For many years, if you wanted a sporty Rolls-Royce … you bought a Bentley. The two companies shared a common lineage and even a factory for more than 50 years. When Rolls-Royce and Bentley parted ways in 1998, the marques being purchased by BMW and Volkswagen, respectively, all of that changed. Rolls-Royce continued to provide the gravitas and over-the-top luxury that its customers demand, but there was a measure of spirit (pun not intended) missing from the lineup of automotive jewelry.
Enter the Wraith. Rolls-Royce’s new two-seater, based on the Ghost, promised to put a never-seen measure of sportiness into the brand. It’s certainly the sportiest production Rolls-Royce ever, barring the occasional factory-sponsored race car. Powered by a 624-horsepower twin-turbo V-12 and wrapped in sleek fastback body work, the Wraith definitely looks the business, without giving up Rolls-Royce hallmarks like reverse-hinged doors and bespoke interior trim.
Unlike the Phantom and the Ghost, however, the Wraith faces stiff competition in the marketplace, even at its $320,000 base price. Mercedes, Aston Martin and even its former stablemates from Bentley are waiting out on the track to put those performance claims to the test, and to take them apart if they’re not backed up. Driving Fans got behind the wheel of the Wraith in Vienna to see what Rolls-Royce’s beautiful coupe is really made of.
True to Rolls-Royce form, the Wraith is a big car. Really big. The wheelbase has been shortened by 7 inches from the big Ghost sedan, but the Wraith is still a 17-foot long, six and one-half foot wide car. The big 21-inch wheels look just right on the Wraith. The hood is stretched and the glass more steeply raked than in other Rolls-Royce products, and striking two-toning gives the car a quick visual link to its classic predecessors. The Rolls-Royce family grille has been smoothed and recessed for improved aerodynamics and a more purposeful look. The Spirit of Ecstasy hood ornament leads the way, of course. The frameless coach doors provide a classic hardtop look with the windows down, and that long, sweeping fastback looks like nothing else on the road. The Wraith is fantastic transport for four. Rolls-Royce calls it a “gentleman’s gran turismo.”
Size, unfortunately, is not always a performance car’s best friend. With that 624-horse motivation from the 6.6 liter engine, it’s definitely the fastest Rolls-Royce ever produced. 0-60 comes up in 4.4 seconds. The engine is tuned for smooth, strong power delivery, so the Wraith accelerates like a storm surge rather than a rocket ship. An eight-speed automatic transmission is standard. The Wraith also features Rolls-Royce’s new Satellite Aided Transmission, which downloads GPS data in real time and uses the maps to automatically select the correct gear for the road as it unfolds. The ability to pre-select gears enhances the Wraith’s smoothness, and is an impressive innovation that adds to the Rolls-Royce mystique.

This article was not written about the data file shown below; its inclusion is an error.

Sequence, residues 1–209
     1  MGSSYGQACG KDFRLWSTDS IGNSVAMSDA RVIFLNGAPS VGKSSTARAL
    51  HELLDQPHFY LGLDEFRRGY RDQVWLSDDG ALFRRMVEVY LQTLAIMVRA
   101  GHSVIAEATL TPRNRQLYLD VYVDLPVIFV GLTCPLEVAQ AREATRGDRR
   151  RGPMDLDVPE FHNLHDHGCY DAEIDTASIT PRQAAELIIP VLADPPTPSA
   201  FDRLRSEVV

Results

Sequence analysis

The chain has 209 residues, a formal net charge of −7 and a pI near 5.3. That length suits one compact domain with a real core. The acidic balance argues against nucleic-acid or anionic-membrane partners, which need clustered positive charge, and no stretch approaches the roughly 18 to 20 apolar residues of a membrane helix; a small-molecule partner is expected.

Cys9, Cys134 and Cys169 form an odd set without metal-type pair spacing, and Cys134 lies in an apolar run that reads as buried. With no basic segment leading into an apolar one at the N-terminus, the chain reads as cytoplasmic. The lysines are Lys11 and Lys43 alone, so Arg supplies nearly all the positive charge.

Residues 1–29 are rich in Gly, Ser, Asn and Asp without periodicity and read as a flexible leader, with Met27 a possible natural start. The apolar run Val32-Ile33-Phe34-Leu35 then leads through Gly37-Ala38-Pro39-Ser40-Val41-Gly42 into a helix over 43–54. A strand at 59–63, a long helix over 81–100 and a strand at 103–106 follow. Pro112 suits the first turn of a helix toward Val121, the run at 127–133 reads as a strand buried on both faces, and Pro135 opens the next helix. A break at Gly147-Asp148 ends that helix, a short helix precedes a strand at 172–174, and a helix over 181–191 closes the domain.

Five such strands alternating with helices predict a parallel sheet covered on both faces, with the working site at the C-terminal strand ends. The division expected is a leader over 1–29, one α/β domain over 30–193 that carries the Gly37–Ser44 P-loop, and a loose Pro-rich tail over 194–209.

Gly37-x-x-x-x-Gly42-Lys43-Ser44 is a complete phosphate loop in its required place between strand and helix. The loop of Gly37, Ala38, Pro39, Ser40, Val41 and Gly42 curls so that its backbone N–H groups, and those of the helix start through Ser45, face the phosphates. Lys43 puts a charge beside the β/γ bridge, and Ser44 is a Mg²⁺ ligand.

When the road gets twisty, the Wraith feels as large as it is. The power is there, but tight curves introduce a distinctly nautical feeling to the handling as the double-wishbone front, multi-link rear suspension with air springs struggles to get 5,000 pounds to change direction. Rolls-Royce’s “magic-carpet” ride is very much in evidence, but may be at odds with the average performance enthusiast’s desire to feel the road. The Wraith would benefit from a less compromising sport mode to firm up the suspension, to make it more of a driver’s car.
That said, this is a Rolls-Royce and, to put it simply, Rolls-Royce does things differently. The driver may be a bit disconnected from the road behind the driver’s seat, but the Wraith still exudes the commanding feeling that makes a Rolls-Royce special. Massive blind spots to the flanks? No matter; the lesser cars will just have to stay out of YOUR way. Active cruise control, a pre-collision system and a 360-degree camera system all are on hand to make driving easier.
The interior is fantastic, with subtle details such as black chrome dials and orange-tipped needles on the dash gauges. Rolls-Royce’s fiber optic-lit Starlight headliner is offered on the Wraith, marking the first time it’s been available outside the Phantom family. Wood paneling and leather trim have been skillfully curved throughout the interior, reminiscent of a luxury yacht. Technology has finally enabled Rolls-Royce to offer an on-board valet with each of its cars as well — in the form of a voice-activated navigation system with real-time traffic, voice-activated email and text messaging, and the concierge-service Rolls-Royce Connect smartphone app. The rotary controller is similar to BMW’s iDrive system and includes a touchpad that enables users to write characters on it rather than clicking through menus.
The Wraith is, in the end, the Rolls-Royce of grand touring coupes. It’s far too large to be considered a serious competitor to an Aston Martin or Mercedes CL — though whatever ground it loses in the curves, it will handily make up when the road straightens out — but it definitely provides an intriguing blend of Rolls-Royce’s traditional magic-carpet ride and a sporty coupe. For the Rolls-Royce owners who like to drive their cars, the Wraith is definitely the way to go. Rolls-Royce’s imposing, more-than-a-mere-automobile attitude is present, and in the end that’s what counts.